Dream Train

By Treenan All Rights Reserved ©

Fantasy / Mystery

Chapter 7

Chloe, Alexander, Mouse, and Elizabeth stood in silence in the witch’s train car. It was difficult to process all that had happened. The witch was gone, and with her the front of the train. The train had stopped moving. They were now stranded in the desert. Chloe couldn’t help but feel uncomfortable. Before they were traveling somewhere and now they were still. If the train had a destination, they would never reach it.

“That was boss.” Mouse broke the silence. “You were cool Chloe.” Mouse gave Chloe a reassuring pat on the back. “Now we don’t have that witch to worry about.”

“Yeah.” Chloe wasn’t sure how to respond. Everything had happened so quickly. She was surprised at her ability to react so fast. Playing all those video games had finally paid off. Elizabeth gazed out of the train car in disbelief.

“Elizabeth, are you okay?” Chloe asked. She nodded her head wildly, then turned and flung herself on to Chloe hugging her tightly.

“Thank you thank you thank you.” She repeated joyously. “I never thought I’d be free from her.”

Chloe wasn’t sure how to respond. The child was thanking her for potentially murdering someone. While it was true the witch lived, it could have ended differently. Chloe had to keep herself convinced that this wasn’t real, and the witch was part of the simulation. It was no different than killing a monster in a game.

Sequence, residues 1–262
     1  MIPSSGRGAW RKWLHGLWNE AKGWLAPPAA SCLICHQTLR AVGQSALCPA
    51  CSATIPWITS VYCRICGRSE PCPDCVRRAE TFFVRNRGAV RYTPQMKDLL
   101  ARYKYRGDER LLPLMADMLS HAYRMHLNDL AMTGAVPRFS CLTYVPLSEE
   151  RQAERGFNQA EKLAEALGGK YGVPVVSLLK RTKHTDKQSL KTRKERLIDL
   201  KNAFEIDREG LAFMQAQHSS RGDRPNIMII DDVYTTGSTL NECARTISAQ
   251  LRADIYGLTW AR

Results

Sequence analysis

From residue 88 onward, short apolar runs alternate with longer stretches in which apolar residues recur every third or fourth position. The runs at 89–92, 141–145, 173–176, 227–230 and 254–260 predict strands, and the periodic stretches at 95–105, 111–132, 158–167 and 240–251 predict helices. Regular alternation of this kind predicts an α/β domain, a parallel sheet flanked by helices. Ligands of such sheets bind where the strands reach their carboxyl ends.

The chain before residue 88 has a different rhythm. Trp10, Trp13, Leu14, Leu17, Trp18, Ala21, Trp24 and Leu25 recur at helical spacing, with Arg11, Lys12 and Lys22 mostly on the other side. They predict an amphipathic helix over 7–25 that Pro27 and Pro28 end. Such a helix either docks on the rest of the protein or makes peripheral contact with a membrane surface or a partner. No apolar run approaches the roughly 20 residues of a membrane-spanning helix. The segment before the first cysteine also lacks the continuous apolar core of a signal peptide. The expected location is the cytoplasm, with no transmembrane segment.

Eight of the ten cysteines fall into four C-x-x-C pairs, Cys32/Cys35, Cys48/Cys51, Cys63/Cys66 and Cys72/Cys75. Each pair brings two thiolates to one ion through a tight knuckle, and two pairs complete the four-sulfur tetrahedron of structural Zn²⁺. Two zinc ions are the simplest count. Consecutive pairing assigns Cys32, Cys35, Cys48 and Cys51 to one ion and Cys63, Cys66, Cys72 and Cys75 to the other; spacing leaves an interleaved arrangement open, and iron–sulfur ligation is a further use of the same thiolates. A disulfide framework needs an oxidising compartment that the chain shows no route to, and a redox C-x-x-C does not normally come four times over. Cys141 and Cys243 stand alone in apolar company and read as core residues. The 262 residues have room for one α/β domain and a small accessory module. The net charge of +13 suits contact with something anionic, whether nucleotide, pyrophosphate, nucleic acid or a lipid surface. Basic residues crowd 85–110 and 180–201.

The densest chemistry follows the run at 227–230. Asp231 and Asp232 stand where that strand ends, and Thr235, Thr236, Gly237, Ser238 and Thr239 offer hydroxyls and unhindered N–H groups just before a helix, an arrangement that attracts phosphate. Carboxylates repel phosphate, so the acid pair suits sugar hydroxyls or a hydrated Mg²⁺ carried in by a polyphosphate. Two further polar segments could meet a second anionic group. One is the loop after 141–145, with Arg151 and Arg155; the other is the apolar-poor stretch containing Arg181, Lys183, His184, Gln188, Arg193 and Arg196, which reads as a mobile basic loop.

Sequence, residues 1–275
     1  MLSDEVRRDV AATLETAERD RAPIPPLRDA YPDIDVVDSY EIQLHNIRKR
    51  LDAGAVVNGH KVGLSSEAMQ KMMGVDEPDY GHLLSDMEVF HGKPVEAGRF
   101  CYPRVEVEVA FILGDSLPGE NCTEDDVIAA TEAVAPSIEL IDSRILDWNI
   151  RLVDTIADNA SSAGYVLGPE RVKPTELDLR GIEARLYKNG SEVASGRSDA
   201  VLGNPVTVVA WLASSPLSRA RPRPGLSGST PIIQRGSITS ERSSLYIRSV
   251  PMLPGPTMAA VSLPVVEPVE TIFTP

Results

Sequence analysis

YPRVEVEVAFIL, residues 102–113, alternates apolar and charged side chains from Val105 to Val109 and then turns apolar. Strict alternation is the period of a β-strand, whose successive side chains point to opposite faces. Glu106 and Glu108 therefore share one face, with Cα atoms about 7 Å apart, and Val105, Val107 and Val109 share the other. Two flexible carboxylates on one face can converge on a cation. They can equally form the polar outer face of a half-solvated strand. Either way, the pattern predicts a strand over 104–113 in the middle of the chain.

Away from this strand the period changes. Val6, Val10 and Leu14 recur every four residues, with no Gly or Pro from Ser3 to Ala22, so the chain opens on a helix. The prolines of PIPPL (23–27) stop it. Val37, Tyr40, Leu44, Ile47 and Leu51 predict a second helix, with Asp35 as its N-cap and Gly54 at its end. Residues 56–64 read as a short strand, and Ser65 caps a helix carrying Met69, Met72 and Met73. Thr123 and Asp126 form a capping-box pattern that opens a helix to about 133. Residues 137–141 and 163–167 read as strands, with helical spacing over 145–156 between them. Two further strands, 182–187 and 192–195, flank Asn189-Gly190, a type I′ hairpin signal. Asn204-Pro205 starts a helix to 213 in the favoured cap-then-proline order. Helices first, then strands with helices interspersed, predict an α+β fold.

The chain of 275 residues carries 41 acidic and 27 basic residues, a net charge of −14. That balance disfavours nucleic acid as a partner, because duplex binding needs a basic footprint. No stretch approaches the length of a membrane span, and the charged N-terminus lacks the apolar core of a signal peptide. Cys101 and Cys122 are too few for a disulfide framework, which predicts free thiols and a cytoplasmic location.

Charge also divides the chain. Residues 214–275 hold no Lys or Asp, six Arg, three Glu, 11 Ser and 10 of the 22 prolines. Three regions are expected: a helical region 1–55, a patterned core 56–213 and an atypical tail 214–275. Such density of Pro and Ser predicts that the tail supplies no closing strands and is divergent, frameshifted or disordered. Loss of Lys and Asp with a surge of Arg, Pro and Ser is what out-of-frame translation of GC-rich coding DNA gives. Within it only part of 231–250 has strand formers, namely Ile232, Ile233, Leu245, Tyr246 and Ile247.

“I must admit Chloe. You’ve done what I thought impossible. Here we stand in the witch’s territory, an area we all feared.” Alexander had been inspecting the room, something Chloe still hadn’t done. She was too busy being lost in her mind to focus on her surroundings. The room was dark, but now her eyes had plenty of time to adjust to the lack of light.

The room was a complete mess. There was a large bed in the center, perfect for fitting a large person like the witch. There were several shelves along the walls all containing a wide variety of tools. The tools were stored in small boxes, the same kind of box Chloe took the wrench from. On the ground were scattered papers, Alexander had already picked one up.

“Look here.” He held the paper out for the rest to see. The paper was covered in rudimentary drawings, like something a child would make. The drawings were mostly stick figures, with a few other scribbles of some vague shape that looked like a train. They also weren’t drawn in pencil, instead a rougher source like charcoal. The rest of the papers were similar, some of them had some writing on them though Chloe did not recognize the language.

“Can you read this?” She asked Alexander.

“The alphabet shares some letters with English, but some of these symbols I don’t recognize. I’m not a linguist, but I’d guess ancient European. It doesn’t seem to be derived from Latin.” Alexander focused on the words trying to make some sense of them.

“Nerd alert.” Mouse chuckled, pouring through the papers clumsily. “So when are we going? I want to see what’s in the next train car. With that witch gone we should have the whole train to ourselves, except the front part of course!”

“We should further investigate this place first. I don’t want to miss anything important.” Chloe insisted. She and Alexander spent about ten more minutes shuffling through papers, but it was just more of the same. Mouse looked through the tools, grabbing a large hammer and arming himself. He claimed it was in case they ran into any more suspicious witches down the line, but Chloe figured it was more to keep himself entertained.